By Tom Rhodes, 10/16/2013
I was re-reading Douglas Adams' Hitchhikers Guide to the Galaxy and I realized, he's the late 20th Century equivalent to the late 19th Century's Mark Twain. In fact an entire accurate and timely commentary can be made from quoting these dead guys. Obama's presidency demonstrates, "It is a well known fact that those people who most want to rule people are, ipso facto, those least suited to do it. To summarize the summary: anyone who is capable of getting themselves made President should on no account be allowed to do the job."
When listening to Harry Reid comment on the TEA party being anarchists, I've come to realize that I'm "learning to distinguish between him pretending to be stupid just to get people off their guard, pretending to be stupid because he couldn't be bothered to think and wanted someone else to do it for him, pretending to be outrageously stupid to hide the fact that he actually didn't understand what was going on, and really being genuinely stupid." Equating a group the wants laws that are equally and evenly enforced as people who want no government is ludicrous. When they see stories of little girls with lemonade stands in their front yard being shut down by uniformed police, and call for less regulations, does not make this make the Tea Partiers "anarchists." This got me to wondering, "whether the world is being run by smart people who are putting us on or by imbeciles who really mean it."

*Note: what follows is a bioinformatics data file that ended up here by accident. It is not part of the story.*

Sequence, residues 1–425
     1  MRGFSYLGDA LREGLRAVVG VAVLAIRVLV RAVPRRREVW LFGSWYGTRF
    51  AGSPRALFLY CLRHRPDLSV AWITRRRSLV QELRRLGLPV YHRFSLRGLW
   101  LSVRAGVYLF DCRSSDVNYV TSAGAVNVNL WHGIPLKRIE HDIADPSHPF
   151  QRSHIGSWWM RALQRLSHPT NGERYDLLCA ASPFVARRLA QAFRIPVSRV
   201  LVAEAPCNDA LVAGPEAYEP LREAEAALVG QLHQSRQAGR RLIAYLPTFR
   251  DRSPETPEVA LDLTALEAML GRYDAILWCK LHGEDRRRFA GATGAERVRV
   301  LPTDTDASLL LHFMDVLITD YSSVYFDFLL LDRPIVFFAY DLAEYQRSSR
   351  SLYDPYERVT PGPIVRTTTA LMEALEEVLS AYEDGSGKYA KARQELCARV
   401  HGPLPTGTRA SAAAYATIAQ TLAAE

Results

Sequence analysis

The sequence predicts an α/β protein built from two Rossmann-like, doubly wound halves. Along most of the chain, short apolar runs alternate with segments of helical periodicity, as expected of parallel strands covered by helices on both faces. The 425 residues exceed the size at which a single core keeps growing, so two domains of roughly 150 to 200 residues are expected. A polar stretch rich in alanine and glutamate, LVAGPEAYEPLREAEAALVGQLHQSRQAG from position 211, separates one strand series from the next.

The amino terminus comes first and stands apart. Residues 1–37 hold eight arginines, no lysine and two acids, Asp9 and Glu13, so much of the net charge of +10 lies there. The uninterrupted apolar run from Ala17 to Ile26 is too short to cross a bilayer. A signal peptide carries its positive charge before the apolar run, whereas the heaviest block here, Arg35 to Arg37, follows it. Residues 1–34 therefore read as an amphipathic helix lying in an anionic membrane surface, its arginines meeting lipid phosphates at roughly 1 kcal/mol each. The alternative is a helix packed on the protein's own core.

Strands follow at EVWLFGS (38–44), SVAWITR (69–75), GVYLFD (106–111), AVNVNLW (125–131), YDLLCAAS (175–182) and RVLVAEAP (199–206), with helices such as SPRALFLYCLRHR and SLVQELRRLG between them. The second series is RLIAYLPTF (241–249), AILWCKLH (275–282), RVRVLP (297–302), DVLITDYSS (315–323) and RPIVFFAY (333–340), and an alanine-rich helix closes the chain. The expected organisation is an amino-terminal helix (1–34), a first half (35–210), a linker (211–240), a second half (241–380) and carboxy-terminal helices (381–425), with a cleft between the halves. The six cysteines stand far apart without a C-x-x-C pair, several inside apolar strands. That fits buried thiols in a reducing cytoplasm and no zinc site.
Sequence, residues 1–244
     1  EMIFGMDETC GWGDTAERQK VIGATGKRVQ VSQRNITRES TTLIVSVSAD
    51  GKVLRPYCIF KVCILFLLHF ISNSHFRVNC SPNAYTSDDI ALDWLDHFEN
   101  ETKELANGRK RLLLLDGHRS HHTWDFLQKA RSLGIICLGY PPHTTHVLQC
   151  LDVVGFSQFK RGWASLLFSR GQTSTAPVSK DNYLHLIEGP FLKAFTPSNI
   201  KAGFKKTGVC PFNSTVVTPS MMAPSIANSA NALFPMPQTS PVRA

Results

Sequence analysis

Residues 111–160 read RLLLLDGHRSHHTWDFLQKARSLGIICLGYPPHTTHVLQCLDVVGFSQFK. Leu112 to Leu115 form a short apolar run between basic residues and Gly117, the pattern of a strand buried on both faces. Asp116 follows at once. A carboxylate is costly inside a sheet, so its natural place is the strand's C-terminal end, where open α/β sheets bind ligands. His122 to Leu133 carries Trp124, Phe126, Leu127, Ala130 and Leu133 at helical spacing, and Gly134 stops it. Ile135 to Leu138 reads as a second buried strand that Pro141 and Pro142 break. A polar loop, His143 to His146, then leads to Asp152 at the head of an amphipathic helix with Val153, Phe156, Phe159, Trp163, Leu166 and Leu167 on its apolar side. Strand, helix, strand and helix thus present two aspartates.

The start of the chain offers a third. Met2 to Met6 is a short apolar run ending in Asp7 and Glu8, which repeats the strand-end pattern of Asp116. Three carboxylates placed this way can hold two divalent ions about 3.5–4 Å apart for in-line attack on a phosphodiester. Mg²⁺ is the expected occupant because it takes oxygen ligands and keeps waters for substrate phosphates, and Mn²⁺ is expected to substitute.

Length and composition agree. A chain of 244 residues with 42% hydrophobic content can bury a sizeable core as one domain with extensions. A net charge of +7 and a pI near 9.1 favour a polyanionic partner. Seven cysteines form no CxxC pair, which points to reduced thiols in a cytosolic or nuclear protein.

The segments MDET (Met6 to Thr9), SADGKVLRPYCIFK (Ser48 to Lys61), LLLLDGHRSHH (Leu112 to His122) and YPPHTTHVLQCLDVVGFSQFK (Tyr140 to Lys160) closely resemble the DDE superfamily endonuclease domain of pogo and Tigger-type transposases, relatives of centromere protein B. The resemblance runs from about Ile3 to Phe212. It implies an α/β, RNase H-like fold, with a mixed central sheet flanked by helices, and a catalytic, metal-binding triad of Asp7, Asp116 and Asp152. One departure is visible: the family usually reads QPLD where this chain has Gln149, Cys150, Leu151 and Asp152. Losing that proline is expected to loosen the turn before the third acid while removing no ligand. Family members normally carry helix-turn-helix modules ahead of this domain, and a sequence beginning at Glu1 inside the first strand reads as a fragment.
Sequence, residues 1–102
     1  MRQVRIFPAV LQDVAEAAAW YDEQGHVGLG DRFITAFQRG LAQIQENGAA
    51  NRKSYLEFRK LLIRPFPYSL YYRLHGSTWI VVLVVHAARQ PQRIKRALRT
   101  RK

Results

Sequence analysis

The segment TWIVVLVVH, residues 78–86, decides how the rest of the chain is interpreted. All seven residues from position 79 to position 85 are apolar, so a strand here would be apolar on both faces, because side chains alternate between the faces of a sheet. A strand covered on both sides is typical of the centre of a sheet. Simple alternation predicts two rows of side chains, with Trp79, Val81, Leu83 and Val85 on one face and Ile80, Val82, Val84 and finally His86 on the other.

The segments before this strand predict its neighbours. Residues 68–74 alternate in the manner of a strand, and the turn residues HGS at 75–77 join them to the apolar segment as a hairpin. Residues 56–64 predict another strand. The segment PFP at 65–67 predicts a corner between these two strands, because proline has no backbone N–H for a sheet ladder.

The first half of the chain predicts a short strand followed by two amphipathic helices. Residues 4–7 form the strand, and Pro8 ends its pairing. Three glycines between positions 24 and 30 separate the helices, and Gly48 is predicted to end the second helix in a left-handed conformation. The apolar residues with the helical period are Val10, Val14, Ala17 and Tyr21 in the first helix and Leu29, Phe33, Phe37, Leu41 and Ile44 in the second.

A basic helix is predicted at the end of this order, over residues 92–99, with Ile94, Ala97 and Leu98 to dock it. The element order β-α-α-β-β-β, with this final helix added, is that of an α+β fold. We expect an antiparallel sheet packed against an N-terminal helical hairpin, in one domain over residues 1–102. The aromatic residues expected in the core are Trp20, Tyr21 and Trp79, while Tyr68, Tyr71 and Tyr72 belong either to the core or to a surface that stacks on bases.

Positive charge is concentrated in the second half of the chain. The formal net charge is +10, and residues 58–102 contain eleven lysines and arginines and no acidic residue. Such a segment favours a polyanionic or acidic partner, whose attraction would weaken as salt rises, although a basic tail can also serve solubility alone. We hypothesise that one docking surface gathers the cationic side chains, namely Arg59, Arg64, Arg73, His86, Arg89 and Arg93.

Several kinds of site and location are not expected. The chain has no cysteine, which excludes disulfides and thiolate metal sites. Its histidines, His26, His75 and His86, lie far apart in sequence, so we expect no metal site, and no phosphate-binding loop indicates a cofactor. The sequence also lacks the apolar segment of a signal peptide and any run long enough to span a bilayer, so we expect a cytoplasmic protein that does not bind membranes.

Browsing today's AP and NYT headlines as well as internet sources for news, one can fundamentally concluded that "If you don't read the newspaper, you're uninformed. If you read the newspaper, you're mis-informed." From the internet, not the lame stream media we see that change is coming. The surviving members of what is sometimes called "the greatest generation" are showing us that there are patriots amoung us willing to ignore and defy the now tyrannical government in DC. "In the beginning of a change the patriot is a scarce man, and brave, and hated and scorned. When his cause succeeds, the timid join him, for then it costs nothing to be a patriot."
The timely quotes of dead humorists fit today in the early parts of the 21st Century as well as they did in the last days of the past two centuries.